Sensitivity Reactions

Cross-Hypersensitivity

Possible cross sensitivity to other dibenzazepine-derivative TCAs (e.g., clomipramine, imipramine, trimipramine).104

Photosensitivity

Avoid excessive exposure to sunlight.104

General Precautions

Activation of Mania or Hypomania

Possible activation of hypomania in patients with bipolar disorder.104

Psychosis

Possible exacerbation of psychosis in patients with schizophrenia.104

Hematologic Effects

Perform leukocyte and differential counts in any patient who develops symptoms of blood dyscrasias (e.g., fever, sore throat).104 If evidence of pathologic neutrophil depression is found, discontinue the drug.104

Electroconvulsive Therapy (ECT)

Possible increased ECT risks.104

Elective Surgery

Discontinue therapy several days prior to surgery whenever possible.104 Hypertensive episodes have occurred during surgery in patients receiving desipramine.104

Blood Glucose Effects

Possible alterations in blood glucose concentrations.104

Storage

Keep out of reach of children.104 If possible, dispense in containers with child-resistant safety closures.104

Specific Populations

Pregnancy

Category C.e

Lactation

Distributes into milk;100 e discontinue nursing or the drug.104 e

Pediatric Use

Not effective in management of depression in children or adolescents in clinical studies.

Collapse and/or sudden death reported in children, some of whom received the drug for the treatment of ADHD;101 102 103 104 not recommended for use in children.101 102 103 104 105

FDA warns that a greater risk of suicidal thinking or behavior (suicidality) occurred during first few months of antidepressant treatment (4%) compared with placebo (2%) in children and adolescents with major depressive disorder, obsessive-compulsive disorder (OCD), or other psychiatric disorders based on pooled analyses of 24 short-term, placebo-controlled trials of 9 antidepressant drugs (SSRIs and others).109 However, a more recent meta-analysis of 27 placebo-controlled trials of 9 antidepressants (SSRIs and others) in patients <19 years of age with major depressive disorder, OCD, or non-OCD anxiety disorders suggests that the benefits of antidepressant therapy in treating these conditions may outweigh the risks of suicidal behavior or suicidal ideation.111 No suicides occurred in these pediatric trials.109 111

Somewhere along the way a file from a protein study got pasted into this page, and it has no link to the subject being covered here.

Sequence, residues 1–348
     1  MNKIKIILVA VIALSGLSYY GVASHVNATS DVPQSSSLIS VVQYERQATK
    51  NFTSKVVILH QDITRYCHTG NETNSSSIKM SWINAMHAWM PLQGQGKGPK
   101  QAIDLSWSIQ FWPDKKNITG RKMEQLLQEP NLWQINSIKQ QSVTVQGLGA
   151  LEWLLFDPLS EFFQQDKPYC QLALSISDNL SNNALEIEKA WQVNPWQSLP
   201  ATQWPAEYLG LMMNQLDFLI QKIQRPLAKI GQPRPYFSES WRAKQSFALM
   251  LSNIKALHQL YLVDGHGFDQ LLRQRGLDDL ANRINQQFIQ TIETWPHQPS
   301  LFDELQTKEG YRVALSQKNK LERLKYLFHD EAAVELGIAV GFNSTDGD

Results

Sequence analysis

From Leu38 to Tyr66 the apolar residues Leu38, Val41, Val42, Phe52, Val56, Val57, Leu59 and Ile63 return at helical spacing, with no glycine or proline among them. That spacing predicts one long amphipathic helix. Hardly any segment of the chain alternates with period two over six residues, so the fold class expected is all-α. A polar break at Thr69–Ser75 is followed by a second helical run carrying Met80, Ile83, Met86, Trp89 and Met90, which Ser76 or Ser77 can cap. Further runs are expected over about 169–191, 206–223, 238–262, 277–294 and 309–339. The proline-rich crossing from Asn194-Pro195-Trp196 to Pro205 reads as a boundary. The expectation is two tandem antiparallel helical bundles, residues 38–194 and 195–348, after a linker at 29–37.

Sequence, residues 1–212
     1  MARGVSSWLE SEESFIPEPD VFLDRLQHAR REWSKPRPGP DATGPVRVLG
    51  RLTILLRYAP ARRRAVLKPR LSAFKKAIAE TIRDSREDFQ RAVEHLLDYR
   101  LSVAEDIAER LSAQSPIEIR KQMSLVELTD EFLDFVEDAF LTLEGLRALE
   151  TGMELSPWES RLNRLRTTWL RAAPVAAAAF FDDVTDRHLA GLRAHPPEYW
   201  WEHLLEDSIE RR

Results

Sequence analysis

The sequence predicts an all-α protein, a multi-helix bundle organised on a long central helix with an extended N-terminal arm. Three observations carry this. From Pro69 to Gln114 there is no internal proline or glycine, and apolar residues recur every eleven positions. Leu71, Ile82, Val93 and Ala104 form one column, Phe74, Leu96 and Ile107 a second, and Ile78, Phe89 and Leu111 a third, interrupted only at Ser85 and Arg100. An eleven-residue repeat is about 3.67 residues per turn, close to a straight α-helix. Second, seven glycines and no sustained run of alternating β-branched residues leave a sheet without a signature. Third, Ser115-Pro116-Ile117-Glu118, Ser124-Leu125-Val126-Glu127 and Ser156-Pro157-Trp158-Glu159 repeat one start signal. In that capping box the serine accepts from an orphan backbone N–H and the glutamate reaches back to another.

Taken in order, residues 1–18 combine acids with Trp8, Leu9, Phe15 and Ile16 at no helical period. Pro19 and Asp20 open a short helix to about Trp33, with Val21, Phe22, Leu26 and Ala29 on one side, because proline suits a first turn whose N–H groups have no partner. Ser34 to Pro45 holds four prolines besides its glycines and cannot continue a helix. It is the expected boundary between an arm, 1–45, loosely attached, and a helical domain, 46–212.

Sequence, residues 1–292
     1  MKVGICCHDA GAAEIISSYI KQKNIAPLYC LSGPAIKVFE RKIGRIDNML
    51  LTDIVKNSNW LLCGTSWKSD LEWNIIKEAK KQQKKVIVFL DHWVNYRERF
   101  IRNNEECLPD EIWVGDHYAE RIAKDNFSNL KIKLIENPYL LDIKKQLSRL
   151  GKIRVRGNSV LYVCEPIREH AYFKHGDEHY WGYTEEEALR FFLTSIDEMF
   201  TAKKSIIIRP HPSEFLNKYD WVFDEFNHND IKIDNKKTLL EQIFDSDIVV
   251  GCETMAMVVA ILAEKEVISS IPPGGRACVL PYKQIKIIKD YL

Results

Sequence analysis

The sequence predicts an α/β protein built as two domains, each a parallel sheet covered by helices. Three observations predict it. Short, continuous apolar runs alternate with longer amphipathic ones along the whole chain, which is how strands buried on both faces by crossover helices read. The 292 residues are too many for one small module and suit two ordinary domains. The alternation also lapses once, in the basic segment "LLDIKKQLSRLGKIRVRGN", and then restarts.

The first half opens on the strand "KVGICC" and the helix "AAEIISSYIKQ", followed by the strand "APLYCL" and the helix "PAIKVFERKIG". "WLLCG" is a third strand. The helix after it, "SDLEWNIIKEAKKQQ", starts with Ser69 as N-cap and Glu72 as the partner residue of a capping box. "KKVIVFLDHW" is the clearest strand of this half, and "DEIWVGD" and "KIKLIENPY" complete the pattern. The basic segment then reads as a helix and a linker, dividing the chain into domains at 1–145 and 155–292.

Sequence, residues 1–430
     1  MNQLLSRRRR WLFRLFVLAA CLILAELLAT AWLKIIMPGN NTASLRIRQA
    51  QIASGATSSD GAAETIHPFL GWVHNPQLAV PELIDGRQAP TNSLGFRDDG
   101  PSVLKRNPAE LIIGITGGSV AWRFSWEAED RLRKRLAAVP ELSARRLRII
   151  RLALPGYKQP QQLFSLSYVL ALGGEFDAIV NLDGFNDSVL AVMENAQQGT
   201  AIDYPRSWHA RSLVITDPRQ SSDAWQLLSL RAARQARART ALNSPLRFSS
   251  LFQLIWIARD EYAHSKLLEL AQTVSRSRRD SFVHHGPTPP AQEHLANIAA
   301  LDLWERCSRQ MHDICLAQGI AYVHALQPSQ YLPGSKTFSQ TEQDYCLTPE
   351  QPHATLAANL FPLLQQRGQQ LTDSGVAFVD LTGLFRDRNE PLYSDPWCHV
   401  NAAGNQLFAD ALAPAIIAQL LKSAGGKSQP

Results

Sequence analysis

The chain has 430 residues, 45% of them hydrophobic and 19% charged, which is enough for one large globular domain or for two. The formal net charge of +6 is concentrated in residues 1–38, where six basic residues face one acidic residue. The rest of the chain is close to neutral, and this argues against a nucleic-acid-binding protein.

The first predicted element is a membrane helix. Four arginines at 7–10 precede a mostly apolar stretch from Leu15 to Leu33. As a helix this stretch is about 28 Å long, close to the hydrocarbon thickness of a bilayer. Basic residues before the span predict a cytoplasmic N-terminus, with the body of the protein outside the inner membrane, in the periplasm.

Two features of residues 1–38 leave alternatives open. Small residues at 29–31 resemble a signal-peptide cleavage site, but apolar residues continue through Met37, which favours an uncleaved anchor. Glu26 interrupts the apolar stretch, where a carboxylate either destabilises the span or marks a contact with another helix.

Carefully consider these findings when assessing potential benefits and risks of desipramine in a child or adolescent for any clinical use.108 109 110 111 (See Worsening of Depression and Suicidality Risk under Cautions.)

Geriatric Use

In pooled data analyses, a reduced risk of suicidality was observed in adults ≥65 years of age with antidepressant therapy compared with placebo.108 109 (See Boxed Warning and also see Worsening of Depression and Suicidality Risk under Cautions.)

Possible increased sensitivity to anticholinergic (e.g., dry mouth, constipation, vision disturbance), cardiovascular, orthostatic hypotension, and sedative effects of TCAs and increased risk for falls and/or other desipramine-induced toxicity.104 Monitor renal function.104

Titrate dosage carefully.104 (See Geriatric Patients under Dosage and Administration.)

Renal Impairment

Use with caution.104

Common Adverse Effects

Anticholinergic effects (e.g., dry mouth,104 a constipation,104 a vision disturbance),104 a orthostatic hypotension, sedation, weakness, lethargy, fatigue.a

Interactions for Desipramine Hydrochloride

Metabolized in the liver by various CYP isoenzymes (e.g., CYP1A2, CYP2C, CYP2D6, CYP3A4).a

Drugs Affecting Hepatic Microsomal Enzymes

Inhibitors of CYP2D6: potential pharmacokinetic interaction (increased plasma desipramine concentrations).a Adjust desipramine dosage whenever a CYP2D6 inhibitor is added or discontinued.a

Specific Drugs

Drug

Interaction

Comments

Alcohol

Potentiates CNS depressant effects of alcohol104

Increased risks if overdose or suicide attempt occurs104

Antiarrhythmics: class 1C (e.g., flecainide, propafenone); quinidine

Potential for decreased desipramine metabolism104

Monitor for TCA toxicity104

Anticholinergic agents

Hyperthermia, particularly during hot weather, and paralytic ileusa

Use with caution; dosage adjustment may be needed104

Antipsychotics (e.g., phenothiazines)

Potential for decreased desipramine metabolism104

Use with caution104

Benzodiazepines (e.g., chlordiazepoxide, diazepam)

Additive sedative effects104

Use with caution104

Cimetidine

Potential for decreased desipramine metabolism104

CNS depressants

Potentiates the effects of CNS depressants104

Use with caution104

Guanethidine

Antagonizes the antihypertensive effects of guanethidine104

Levodopa

May interfere with levodopa absorptiona

Monitor levodopa dosage carefullya

MAO inhibitors

Potentially life-threatening serotonin syndrome104

Concomitant use contraindicated104

Allow at least 14 days to elapse when switching to or from these drugs104